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Barefoot Drama



It is time to step onto the stage - and to do so barefoot. Nothing barring our connection with Earth. Panto season, as we have known it, is over. The costumes - now torn and musty - no longer quite cut it.


This season, Panto-by-TV-Zoom was on offer. It was both awful and dreadful. As Panto, by its nature, is. That's part of its charm. Yet this awfulness acted as a mirror to the dreadful endemic delusion and confusion of communication we now find ourselves in. Locked down in our home cells the only permissible way to connect, it seems, is through AI rather than Air.


(A Buzz off stage: 'Something key is missing....R...are you understanding Me?' )


The saving grace of live panto is the raucous, irreverent and slightly bawdy interaction between players and audience. A mirror of human life, Panto is a pit of actors where everyone present is on stage - where ever they find themselves placed in the theatre.


Now how can that happen with a flat screen of pixels being relayed in delayed time to a couch potato or two?


Still, it does feel like we are truly in a Panto at the moment - waking up not sure if we are in some surreal dream. (Who was it that climbed the citadel? Did the baddie die? Did the heroine accept the hero? Did I laugh til my sides ached and was the queue for ice cream and the screech of the young ones bouncing off walls bearable?) At least - please tell me this is so - TV panto reduces the plastic waste of a live show.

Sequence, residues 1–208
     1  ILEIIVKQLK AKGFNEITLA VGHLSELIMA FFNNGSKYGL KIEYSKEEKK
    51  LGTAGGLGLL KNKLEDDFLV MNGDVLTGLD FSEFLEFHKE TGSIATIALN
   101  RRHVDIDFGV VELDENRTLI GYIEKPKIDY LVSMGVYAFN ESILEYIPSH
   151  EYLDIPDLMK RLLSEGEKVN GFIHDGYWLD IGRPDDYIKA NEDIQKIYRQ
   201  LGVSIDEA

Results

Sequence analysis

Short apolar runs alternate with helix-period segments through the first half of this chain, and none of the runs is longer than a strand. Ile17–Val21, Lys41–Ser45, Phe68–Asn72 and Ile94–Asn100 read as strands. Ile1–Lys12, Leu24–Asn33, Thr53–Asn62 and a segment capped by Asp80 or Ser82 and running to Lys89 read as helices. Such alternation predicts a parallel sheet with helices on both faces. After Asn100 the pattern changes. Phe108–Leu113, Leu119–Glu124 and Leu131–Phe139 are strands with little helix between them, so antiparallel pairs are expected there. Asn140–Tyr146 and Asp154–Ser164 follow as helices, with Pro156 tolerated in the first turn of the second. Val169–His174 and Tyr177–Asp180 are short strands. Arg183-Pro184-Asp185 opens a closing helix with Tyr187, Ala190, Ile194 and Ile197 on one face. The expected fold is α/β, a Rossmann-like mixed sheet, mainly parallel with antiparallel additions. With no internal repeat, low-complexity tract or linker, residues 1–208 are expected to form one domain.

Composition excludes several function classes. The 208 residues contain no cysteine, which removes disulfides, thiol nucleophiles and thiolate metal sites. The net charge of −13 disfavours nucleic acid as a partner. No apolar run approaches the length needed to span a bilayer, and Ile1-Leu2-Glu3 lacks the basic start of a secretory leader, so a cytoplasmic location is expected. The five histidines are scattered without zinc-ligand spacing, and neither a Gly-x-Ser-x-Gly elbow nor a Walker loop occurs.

None of us can go to The Ball tonight and again we wake, now to find the shoe doesn't fit. Even the 'golden one', the de-light-full one herself, has lost her fragile glass slipper. Take heed to how you step now. Do we really have to mutilate ourselves? Or - it is nearly midnight - is it time to mutate?


This tale of cinders has hobbled across Europe - even turning up among Sami tales of the Far North* - to entertain families over generations. Now, as in Cinders, we find we have to stay at home.


What is the tale we are to 'talk and walk' these days? Sharp quarried stone, broken glass, scorched forest highways each we have co-created. We can take a sharp edge against our skin and bone to try to fit into another's walk or we can cast aside these props to stand as neutral and naked as a rooted tree. To find and speak our own true line, the one that echoes with the stuff of old yet unfolds as a new tale.

'Wall that Went for a Walk': Andy Goldsworthy, Grizedale Forest



Over on the far side of this Perfect Planet Theatre I hear tell something rather splendid has and is occurring.


A great spectacle has quietly been talked of for as long as the Rock** has stood as a beacon in the desert.


The Rainbow Serpent comes on stage - hoisted from the rafters and raised from the depths. Gleaming with Celestial Light and the fire of our Earthen Heart, snaking into our awareness. Re-minding us that our old skin is now shedding and what is revealing is just how gorgeous we are in our vulnerability.


Surely it is time to go barefoot and trust our soles.


Our newly bared skin may not match the wisdom-patterns of the Old Fellas but at least, at last we could begin to take a seat and ready ourselves for a drama about to unfold. A Tale to listen deep to. A drama of such wonder that no child will need to coerce adults into buying fake light displays, and no adult will feel the need to comply as each will shimmer with such grounded celestial wisdom as the child takes their cautious parent by the hand to lead the way, snaking as a river across dry land into our glorious future.


'Serpent Egg': Sue Gould, Yorkshire Limestone



*The Daughters of Njavisædne and Atsisjædne'as collected by Emilie Demant Hatt


**Uluru



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